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DURLON TECHNICAL INFO

Durlon Compressed Sheet

StyleCompositionDescription
8300Carbon / NBRA premium grade compressed sheet, Durlon 8300 is excellent in steam and hydrocarbon services in the refining, petrochemical and power generation industries. Other applications include oil, water, mild alkalis, mild acids and solvents. Durlon 8300 contains high strength carbon fibers bonded with nitrile (NBR) synthetic rubber.
8400Phenolic / NBRWith an extremely wide pH application range, Durlon 8400 can be used in process piping and equipment in chemical, pulp and paper, and other general industrial applications.
8500Aramid - Inorganic / NBROur workhorse material, Durlon 8500 is excellent in steam, natural gas, soybean processing and with new generation refrigerants. A high quality general service gasket material for use in a wide range of services in pulp and paper, food, beverage, pharmaceutical, chemical, refinery, gas pipeline and general industry.
8600Aramid - Inorganic / SBRA high quality gasket material containing high strength aramid and inorganic fibers bonded with SBR rubber. An excellent choice for steam or services where a white gasket material is required.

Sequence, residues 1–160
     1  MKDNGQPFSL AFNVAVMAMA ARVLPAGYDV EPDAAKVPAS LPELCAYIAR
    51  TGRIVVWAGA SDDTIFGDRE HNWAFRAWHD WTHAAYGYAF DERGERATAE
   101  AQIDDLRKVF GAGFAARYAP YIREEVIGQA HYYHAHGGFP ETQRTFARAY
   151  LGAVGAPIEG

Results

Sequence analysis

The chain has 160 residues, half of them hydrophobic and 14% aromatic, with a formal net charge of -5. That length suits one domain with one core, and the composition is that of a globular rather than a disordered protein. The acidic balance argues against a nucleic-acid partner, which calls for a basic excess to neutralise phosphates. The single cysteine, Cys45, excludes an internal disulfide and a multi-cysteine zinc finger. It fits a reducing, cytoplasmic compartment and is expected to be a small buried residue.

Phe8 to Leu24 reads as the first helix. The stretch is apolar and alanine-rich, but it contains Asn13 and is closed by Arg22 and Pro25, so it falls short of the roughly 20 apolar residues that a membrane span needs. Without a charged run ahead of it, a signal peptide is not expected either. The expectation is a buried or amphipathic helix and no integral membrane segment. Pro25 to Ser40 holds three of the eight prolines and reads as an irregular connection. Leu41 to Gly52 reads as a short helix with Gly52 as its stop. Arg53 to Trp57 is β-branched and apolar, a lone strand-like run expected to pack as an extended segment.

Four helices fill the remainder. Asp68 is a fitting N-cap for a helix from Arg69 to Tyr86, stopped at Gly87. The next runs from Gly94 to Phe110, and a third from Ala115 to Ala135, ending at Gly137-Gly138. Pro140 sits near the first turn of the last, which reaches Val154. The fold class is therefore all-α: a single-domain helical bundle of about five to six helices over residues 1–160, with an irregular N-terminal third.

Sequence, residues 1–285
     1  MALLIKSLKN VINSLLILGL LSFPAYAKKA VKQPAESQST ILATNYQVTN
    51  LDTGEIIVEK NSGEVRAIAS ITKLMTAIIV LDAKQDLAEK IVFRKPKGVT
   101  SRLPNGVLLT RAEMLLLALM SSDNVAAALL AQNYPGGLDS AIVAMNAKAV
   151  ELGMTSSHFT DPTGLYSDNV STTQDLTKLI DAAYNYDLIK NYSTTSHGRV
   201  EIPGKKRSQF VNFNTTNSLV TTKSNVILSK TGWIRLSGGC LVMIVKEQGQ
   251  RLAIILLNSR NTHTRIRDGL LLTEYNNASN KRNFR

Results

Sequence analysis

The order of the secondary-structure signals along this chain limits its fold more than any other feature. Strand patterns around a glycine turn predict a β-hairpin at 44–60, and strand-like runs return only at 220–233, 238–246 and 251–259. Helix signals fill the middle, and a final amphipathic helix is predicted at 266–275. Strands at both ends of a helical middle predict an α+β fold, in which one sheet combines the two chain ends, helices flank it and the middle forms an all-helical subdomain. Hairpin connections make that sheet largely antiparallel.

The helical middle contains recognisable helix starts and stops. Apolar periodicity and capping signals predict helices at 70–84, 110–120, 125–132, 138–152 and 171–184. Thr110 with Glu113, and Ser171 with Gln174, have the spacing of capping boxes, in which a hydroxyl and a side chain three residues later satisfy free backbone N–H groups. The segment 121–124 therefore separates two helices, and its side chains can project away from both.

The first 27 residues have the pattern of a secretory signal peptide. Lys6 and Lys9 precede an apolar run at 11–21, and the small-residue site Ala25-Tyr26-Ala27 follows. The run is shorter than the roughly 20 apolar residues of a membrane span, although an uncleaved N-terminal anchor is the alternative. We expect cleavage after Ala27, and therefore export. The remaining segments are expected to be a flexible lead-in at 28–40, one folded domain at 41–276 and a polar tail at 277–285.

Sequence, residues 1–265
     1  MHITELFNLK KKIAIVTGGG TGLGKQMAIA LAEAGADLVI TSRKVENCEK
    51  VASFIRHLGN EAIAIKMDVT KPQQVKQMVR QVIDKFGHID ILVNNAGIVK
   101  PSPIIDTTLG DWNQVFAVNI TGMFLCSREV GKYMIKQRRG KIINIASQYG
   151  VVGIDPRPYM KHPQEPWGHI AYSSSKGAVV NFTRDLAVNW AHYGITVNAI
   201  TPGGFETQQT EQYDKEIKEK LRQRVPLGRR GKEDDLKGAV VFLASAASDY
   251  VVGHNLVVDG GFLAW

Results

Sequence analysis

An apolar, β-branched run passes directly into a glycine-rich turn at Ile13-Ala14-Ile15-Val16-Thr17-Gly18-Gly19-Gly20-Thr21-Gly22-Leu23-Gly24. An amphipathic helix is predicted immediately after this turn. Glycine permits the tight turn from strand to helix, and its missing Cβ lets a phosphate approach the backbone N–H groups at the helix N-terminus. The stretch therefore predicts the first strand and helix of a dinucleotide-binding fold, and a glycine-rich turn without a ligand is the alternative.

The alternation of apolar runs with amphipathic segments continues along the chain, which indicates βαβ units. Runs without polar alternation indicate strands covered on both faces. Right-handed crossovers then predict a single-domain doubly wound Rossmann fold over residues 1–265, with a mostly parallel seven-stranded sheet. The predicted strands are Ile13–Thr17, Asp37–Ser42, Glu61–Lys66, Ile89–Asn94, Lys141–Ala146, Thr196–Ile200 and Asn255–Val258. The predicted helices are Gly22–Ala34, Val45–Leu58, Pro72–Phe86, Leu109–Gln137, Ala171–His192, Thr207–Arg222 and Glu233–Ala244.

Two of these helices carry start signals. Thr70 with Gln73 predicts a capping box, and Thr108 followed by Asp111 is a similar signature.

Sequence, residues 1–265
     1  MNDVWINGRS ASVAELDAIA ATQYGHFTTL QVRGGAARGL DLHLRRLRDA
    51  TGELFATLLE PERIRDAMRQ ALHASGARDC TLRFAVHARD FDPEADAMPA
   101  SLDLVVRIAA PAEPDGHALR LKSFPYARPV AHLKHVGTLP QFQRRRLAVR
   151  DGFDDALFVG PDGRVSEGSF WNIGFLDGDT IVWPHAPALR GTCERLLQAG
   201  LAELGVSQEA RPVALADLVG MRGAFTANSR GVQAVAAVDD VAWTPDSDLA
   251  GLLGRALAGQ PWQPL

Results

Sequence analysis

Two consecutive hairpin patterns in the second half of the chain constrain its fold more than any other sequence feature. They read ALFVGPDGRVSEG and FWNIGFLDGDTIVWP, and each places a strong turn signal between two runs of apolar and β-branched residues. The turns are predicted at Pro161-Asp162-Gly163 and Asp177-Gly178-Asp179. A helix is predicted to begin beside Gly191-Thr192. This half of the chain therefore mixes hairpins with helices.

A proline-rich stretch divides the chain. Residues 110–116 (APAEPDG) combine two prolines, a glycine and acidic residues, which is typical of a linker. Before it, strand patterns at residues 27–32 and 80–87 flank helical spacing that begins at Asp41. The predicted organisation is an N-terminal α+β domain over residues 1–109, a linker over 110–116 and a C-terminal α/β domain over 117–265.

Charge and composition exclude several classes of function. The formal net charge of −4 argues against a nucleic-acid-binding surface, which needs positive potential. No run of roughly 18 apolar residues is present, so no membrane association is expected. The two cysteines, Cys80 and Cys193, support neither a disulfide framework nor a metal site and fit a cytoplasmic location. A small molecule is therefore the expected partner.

8700Aramid - Inorganic / CRA high performance compressed gasket material for use in processes that require a neoprene (CR) bonded sheet. Excellent for steam, oils and refrigeration services.
7900 / 7950Aramid / NBRAn economy grade general service compressed sheet with NBR rubber binder for mild service in piping and equipment and OEM applications in steam, hydrocarbons and refrigerants. An economical alternative when service ranges and applications are not severe.
Anti-Stick Properties: Much effort has gone into improving the anti-stick release agents of all compressed Durlon products. All Durlon compressed gasket materials have passed the MIL-G-24696B Navy Adhesion Test (366°F / 48 hrs.)